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Effectuation of adaptive stability and postural alignment strategies are decreased by alcohol intoxication.
MedLine Citation:
PMID:  24792362     Owner:  NLM     Status:  Publisher    
Abstract/OtherAbstract:
Human stability control is a complex process comprising contributions from several partly independent mechanisms such as coordination, feedback and feed-forward control, and adaptation. Acute alcohol intoxication impairs these functions and is recognized as a major contributor to fall traumas. The study aimed to investigate how alcohol intoxication at .06% and .10% blood alcohol concentration (BAC) affected the movement spans and control of posture alignment. The angular positions of the head, shoulder, hip and knees relative to the ankles were measured with a 3D motion analysis system in 25 healthy adults during standing with eyes open or closed and with or without vibratory balance perturbations. Alcohol intoxication significantly increased the movement spans of the head, shoulders, hip and knees in anteroposterior and lateral directions during quiet stance (p⩽.047 and p⩽.003) and balance perturbations (p<.001, both directions). Alcohol intoxication also decreased the ability to reduce the movement spans through adaptation in both anteroposterior (p⩽.011) and lateral (p⩽.004) directions. When sober and submitted to balance perturbations, the subjects aligned the head, shoulders, hip and knees more forward relative to the ankle joint (p<.001), hence adopting a more resilient posture increasing the safety margin for backward falls. Alcohol intoxication significantly delayed this forward realignment (p⩽.022). Alcohol intoxication did not cause any significant posture realignment in the lateral direction. Thus, initiation of adaptive posture realignments to alcohol or other disruptions might be context dependent and associated with reaching a certain level of stability threats.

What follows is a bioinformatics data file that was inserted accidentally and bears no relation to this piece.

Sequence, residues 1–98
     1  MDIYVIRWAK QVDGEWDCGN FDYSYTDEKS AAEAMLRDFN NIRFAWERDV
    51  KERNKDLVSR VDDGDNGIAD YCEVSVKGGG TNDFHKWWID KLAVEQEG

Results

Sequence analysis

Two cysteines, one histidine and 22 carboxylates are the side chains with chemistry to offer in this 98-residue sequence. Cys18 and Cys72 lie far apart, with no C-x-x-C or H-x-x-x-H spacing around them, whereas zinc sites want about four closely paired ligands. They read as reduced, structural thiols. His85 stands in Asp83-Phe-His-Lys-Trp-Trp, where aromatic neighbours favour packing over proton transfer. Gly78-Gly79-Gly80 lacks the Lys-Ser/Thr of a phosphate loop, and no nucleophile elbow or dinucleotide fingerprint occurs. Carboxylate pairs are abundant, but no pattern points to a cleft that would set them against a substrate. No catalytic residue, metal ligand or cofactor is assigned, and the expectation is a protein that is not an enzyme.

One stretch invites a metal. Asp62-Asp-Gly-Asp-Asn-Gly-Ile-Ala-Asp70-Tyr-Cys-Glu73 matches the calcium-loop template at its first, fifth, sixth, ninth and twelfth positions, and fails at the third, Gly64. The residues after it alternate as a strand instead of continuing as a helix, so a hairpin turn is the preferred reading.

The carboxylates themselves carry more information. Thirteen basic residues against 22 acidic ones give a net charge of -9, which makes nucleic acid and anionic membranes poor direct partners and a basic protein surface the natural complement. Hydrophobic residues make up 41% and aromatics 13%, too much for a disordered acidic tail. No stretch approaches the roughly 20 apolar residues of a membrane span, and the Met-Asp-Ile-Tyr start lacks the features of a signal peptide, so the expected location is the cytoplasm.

Authors:
A Hafström; F Modig; M Magnusson; P A Fransson
Publication Detail:
Type:  JOURNAL ARTICLE     Date:  2014-4-29
Journal Detail:
Title:  Human movement science     Volume:  35C     ISSN:  1872-7646     ISO Abbreviation:  Hum Mov Sci     Publication Date:  2014 Apr 
Date Detail:
Created Date:  2014-5-5     Completed Date:  -     Revised Date:  -    
Medline Journal Info:
Nlm Unique ID:  8300127     Medline TA:  Hum Mov Sci     Country:  -    
Other Details:
Languages:  ENG     Pagination:  30-49     Citation Subset:  -    
Copyright Information:
Copyright © 2014 Elsevier B.V. All rights reserved.
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